LAKELAND, Fla. (October 1, 2012) – Florida Citrus Mutual thanked the U.S Department of Agriculture today after the agency announced it awarded a $9 million grant to help support citrus research.
“This is a tremendous opportunity to advance research into citrus greening so we can save our $9 billion industry,” said Michael W. Sparks, executive VP/CEO of Florida Citrus Mutual. “I must commend Secretary Vilsack for his leadership on this issue and understanding that the key to beating this insidious disease lies in the laboratory.”
Stopping citrus greening or HLB, a bacterial disease that attacks trees, is crucial to the future of Florida citrus. The disease is endemic to the state and has caused billions of dollars in losses over the past five years.
“The effort to secure the grant was multi-state and showed that when faced with a crisis California, Texas and Florida, historically rival citrus producing states, can work together,” Sparks said. “This disease threatens the entire domestic citrus industry.”
The $9 million will come from the USDA’s Specialty Crop Research Initiative (SCRI), a Farm Bill program designed to promote specialty crop research. The funding will support a five year project, submitted by the Citrus Research and Development Foundation (CRDF), exploring the use of biological controls to neutralize the Asian Citrus Psyllid, the small bug that vectors HLB.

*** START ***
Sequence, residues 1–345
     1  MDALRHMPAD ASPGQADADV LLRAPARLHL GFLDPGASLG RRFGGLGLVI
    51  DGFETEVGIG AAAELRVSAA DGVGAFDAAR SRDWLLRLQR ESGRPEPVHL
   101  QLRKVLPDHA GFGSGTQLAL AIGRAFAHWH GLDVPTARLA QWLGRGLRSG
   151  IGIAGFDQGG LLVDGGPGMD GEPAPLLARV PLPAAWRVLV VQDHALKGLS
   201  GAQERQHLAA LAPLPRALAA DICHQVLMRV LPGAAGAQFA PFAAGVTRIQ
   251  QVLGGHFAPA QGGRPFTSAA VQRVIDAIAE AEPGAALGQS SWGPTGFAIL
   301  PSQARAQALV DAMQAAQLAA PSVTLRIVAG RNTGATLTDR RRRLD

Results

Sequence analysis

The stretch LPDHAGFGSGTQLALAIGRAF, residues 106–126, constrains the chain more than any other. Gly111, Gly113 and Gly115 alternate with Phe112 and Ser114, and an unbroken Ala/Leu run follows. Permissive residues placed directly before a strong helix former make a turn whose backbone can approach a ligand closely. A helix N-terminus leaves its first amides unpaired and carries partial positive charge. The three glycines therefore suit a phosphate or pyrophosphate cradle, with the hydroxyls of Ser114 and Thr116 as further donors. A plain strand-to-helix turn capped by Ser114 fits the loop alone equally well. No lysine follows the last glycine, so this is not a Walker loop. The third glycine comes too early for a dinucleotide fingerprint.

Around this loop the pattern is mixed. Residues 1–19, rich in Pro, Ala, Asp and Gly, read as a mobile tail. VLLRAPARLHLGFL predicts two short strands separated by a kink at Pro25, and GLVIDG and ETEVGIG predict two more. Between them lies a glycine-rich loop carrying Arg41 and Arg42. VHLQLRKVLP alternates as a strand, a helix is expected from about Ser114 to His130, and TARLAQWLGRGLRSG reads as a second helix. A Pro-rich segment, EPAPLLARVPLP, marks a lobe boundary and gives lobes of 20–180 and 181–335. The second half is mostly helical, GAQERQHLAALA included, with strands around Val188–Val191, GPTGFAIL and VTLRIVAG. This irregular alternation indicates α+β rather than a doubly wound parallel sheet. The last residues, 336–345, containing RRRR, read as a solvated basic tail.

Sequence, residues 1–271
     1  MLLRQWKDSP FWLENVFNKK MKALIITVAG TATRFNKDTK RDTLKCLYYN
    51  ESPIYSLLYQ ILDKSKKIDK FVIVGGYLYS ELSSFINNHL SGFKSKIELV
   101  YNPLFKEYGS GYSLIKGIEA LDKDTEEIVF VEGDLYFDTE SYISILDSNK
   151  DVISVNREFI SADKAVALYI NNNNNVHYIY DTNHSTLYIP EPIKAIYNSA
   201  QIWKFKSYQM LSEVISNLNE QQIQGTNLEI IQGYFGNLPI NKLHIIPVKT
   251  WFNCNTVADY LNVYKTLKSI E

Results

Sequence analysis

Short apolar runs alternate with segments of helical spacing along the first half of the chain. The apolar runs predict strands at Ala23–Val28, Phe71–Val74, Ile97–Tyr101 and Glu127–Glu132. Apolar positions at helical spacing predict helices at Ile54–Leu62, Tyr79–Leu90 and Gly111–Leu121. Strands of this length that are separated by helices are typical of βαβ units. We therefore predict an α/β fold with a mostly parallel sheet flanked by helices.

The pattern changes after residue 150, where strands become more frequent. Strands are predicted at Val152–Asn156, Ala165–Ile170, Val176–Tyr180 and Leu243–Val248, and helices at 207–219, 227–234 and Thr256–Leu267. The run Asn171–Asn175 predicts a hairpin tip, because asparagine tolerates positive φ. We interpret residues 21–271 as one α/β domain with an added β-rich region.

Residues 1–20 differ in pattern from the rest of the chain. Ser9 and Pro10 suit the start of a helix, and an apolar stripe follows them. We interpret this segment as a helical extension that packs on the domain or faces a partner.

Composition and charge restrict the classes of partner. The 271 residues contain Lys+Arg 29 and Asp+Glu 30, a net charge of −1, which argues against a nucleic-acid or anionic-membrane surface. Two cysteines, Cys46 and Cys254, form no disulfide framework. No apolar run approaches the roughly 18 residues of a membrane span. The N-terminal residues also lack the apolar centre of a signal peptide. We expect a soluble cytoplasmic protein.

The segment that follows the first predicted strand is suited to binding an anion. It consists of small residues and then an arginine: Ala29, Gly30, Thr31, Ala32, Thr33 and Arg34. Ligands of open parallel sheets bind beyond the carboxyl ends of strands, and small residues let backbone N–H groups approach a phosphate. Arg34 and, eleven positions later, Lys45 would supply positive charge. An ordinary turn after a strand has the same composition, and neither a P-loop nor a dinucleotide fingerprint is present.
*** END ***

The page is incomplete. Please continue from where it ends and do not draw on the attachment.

“This approach to psyllid management is a missing element of the current research portfolio, one that is well-suited for a national effort,” said Harold Browning, Chief Operating Officer of the CRDF. “Although identified earlier as a priority, it is only recent progress in research on psyllid biology that allows this approach to move forward at this time. The intermediate to long-term nature of this research is an excellent complement to the short-term research on suppressing the psyllids.”
The $ 9 million SCRI grant augments $2 million in funding the USDA appropriated to the Agricultural Research Service (ARS) facility in Ft. Pierce earlier this year to study citrus greening.
Sparks also credited U.S. Senator Bill Nelson calling him a long-time proponent of citrus disease research. He said Senator Nelson has worked tirelessly to bring this issue to the attention of the USDA and he remains committed to establishing a permanent citrus research trust fund financed through a portion of the tariff on imported orange juice.
The Florida citrus industry creates a $9 billion annual economic impact, employing nearly 76,000 people, and covering more than 500,000 acres. Founded in 1948 and currently representing nearly 8,000 grower members, Florida Citrus Mutual is the state’s largest citrus grower organization. For more information, visit www.flcitrusmutual.com.